Buhari’s Cronyism and Irredentism: Why Nigeria Remains Backward, By Adeolu Ademoyo

buhari

…in Buhari, we may be dealing with something more than the political – a complex personal psychological and cognitive problem, and a deep personal limitation and challenge. This could be a singularly Buhari complex, which can be of dire political implications for the country in the years ahead.

When some commentators such as APC leader Bola Ahmed Tinubu, Joe Igbokwe, Junaid Mohammed, Buhari’s media men, Shehu Garba and Femi Adesina, etc. openly defended the emerging cronyism and irredentism of President Buhari, under the guise of an uncritical sense of unity and specious sense of merit, it was obvious that they got it wrong.

But now that President Buhari, himself, has justified his irredentism and cronyism as a state policy, I wonder where these defenders of Buhari on these issues will locate and account for “merit” and “unity”?

To see people of worth only from one’s own ethnic group and confine is one main reason Nigeria will remain backward. It means Nigerian presidents and some people across Nigerian ethnic lines are committed to the tunnel view that moral value and worth are determined only by one’s ethnicity. It happened under ex-president Jonathan, it is repeating itself again under present President Buhari.

Ex-president Jonathan’s southern cronyism and irredentism partly explains the instability that trailed his regime and which pushed him out. Nigerians rose against him not just because of the corruption under his presidency,but also due to the irredentism and cronyism in his government.

Similar to what defenders of Buhari’s cronyism and irredentism are doing today, those who defended Jonathan’s irredentism and cronyism then, did so on the ground that Jonathan’s government promoted “technocracy” in government and “business” in the economy, which they saw as being available only within particular ethnic groups! The fall of Jonathan’s presidency has shown the falsehood in this self-serving claim.

Forgetting the consequences of ex-president Jonathan’s cronyism, President Buhari is presently carrying Jonathan’s southern cronyism up North, making his Northern cronyism and Jonathan’s Southern cronyism indistinguishable for their similar foundations. The fact that the beneficiaries of Buhari’s cronyism and irredentism are from Buhari’s North potentially will sow the seeds of instability and deepen Nigeria’s backwardness the way Jonathan’s southern cronyism did. This ought to be a cause of concern, even to Buhari worshippers.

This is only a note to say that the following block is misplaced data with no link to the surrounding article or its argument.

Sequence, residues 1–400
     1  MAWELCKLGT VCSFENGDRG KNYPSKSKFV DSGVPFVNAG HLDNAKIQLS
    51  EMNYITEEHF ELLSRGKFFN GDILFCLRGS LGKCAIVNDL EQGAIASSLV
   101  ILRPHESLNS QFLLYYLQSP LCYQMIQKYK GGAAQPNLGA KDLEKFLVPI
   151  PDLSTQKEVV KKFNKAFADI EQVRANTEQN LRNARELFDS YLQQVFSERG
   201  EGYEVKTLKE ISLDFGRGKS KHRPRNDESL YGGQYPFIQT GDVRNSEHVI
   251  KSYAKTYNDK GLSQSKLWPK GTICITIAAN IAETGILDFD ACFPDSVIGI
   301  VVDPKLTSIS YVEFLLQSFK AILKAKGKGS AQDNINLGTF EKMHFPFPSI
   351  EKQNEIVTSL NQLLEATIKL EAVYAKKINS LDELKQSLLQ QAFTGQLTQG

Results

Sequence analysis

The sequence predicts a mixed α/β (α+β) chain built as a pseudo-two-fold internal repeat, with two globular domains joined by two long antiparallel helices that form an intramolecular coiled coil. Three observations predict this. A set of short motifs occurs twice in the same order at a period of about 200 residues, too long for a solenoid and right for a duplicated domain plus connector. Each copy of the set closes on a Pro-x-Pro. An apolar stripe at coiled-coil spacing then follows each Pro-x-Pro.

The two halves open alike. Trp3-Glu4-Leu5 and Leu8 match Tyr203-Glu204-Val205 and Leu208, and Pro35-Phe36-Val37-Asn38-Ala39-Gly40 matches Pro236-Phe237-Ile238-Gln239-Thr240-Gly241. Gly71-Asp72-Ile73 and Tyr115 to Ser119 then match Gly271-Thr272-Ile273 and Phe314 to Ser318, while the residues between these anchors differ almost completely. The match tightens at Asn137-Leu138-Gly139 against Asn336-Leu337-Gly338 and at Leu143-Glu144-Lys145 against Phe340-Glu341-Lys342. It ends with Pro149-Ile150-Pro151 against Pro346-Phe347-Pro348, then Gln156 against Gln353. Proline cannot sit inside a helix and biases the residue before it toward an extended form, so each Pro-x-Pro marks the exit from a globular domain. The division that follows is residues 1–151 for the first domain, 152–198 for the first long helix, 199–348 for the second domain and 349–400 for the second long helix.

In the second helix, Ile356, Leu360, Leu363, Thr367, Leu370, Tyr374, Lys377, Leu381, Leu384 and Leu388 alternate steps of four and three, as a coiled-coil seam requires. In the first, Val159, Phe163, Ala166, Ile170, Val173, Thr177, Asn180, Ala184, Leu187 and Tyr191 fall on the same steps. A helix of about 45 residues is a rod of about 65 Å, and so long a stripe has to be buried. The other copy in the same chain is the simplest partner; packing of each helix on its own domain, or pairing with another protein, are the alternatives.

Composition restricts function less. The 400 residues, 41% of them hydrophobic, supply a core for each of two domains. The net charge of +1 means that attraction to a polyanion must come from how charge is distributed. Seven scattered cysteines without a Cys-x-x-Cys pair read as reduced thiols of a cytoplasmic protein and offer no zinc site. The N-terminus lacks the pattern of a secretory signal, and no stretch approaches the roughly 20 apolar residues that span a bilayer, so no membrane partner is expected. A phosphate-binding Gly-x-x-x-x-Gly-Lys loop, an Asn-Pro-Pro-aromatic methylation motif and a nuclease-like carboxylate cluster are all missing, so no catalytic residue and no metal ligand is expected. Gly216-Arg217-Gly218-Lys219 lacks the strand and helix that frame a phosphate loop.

But what rankles presently is Buhari’s justification of his cronyism. In an interview with BBC Hausa Service, Buhari defended his cronyism and irredentism citing the Nigerian Constitution, long years of loyalty to him by the beneficiaries of his cronyism, trust, their alleged incorruptible nature, the nature of Nigerian politics, etc. President Buhari is mistaken in his justification for too many reasons.

While acceptable personal morality is relevant to governance, personal morality does not exhaust, and cannot replace the inclusive nature of public ethics, contrary to Buhari’s and his defenders’ limited understanding of public ethics in governance in the 21st century.

If Buhari deployed his personal morality in declaring that Abacha was not corrupt, and Nigeria has been recovering the country’s stolen money from where Abacha hid these in over a decade, why should we trust Buhari’s personal morality in making public judgments and appointments? Will he not be ethnically selective, as we have in the cases of Abacha and Emir of Gwandu? Does it not mean that a kleptocrat like Sani Abacha and a breaker of law like Almustapha Jokolo will qualify today in Buhari’s personal moral language as people he trusts and can appoint to public office and get paid from the public treasury?